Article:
Don't toss out a technology that is already meeting 80% of your requirements.

Bad reasons to keep

Just as there are good reasons to remain with your vendor, there are reasons that should not carry much weight.

The 'status quo' is one of those bad reasons. "We've always used ‘Vendor X'".

Sometimes we hear IT departments say 'users are not complaining' or 'no one uses search'. Our guess, when we hear this, is that users have long since given up and have either switched to Google on the public web in conjunction with desktop search tools.

Even worse: "Our vendor tells us no one has better technology."

Time to Change

Sometimes change is good. New projects always have a certain air of excitement, and everyone is optimistic. And if things are not going well now, change offers the promise of better times ahead. But before you decide to change, make sure you're doing it for the right reasons. Your users are complaining, management is unhappy, and change is in the air. But is changing the technology the best solution?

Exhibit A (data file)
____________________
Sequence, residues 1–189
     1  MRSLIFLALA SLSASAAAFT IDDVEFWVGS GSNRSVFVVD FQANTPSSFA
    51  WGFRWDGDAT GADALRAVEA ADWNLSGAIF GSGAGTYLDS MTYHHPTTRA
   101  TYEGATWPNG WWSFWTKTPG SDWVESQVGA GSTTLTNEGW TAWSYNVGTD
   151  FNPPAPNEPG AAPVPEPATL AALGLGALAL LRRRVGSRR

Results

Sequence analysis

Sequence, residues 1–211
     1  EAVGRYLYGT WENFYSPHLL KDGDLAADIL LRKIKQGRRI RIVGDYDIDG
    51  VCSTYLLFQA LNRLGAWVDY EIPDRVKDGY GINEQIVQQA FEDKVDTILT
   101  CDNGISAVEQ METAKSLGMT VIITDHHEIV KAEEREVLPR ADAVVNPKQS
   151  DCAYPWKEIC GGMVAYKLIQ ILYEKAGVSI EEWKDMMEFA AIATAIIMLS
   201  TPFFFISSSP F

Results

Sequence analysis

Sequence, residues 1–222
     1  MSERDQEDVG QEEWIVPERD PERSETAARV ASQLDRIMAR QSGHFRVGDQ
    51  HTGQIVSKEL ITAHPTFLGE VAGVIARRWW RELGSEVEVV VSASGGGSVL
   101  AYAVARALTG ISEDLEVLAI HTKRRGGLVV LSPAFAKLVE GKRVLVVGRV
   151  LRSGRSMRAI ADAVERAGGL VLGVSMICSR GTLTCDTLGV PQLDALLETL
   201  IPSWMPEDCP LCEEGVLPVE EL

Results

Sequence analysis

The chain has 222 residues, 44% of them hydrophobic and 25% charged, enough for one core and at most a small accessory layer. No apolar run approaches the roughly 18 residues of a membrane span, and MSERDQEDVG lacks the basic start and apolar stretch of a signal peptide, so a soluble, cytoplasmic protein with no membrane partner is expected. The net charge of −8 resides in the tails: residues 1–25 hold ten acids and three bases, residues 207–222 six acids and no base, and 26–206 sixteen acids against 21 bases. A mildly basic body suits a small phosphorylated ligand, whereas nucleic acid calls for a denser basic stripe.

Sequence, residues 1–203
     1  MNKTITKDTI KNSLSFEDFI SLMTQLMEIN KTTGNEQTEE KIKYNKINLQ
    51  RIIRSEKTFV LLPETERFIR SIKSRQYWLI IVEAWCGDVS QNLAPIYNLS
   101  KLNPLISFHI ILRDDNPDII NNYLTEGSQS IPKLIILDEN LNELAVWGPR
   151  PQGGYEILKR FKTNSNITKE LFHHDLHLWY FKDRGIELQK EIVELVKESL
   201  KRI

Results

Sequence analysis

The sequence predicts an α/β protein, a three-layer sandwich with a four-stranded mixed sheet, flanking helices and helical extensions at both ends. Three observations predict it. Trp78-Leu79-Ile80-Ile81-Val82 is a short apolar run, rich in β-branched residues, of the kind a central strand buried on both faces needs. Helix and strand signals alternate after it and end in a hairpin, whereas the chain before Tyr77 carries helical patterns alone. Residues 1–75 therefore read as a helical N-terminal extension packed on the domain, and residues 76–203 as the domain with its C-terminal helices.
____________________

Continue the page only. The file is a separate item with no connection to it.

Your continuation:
Good reasons to Switch Search engines

There are a number of good reasons to cut your losses and switch to a new solution.

Maybe your current technology cannot scale. You document count has grown exponentially, and you just can't index all the content you have. A related limitation may be the raw number of queries you get: maybe it's a licensing issue, or maybe your search just can't handle the peak load. But it's just not able to handle the load. And the technology just won't support distributed servers.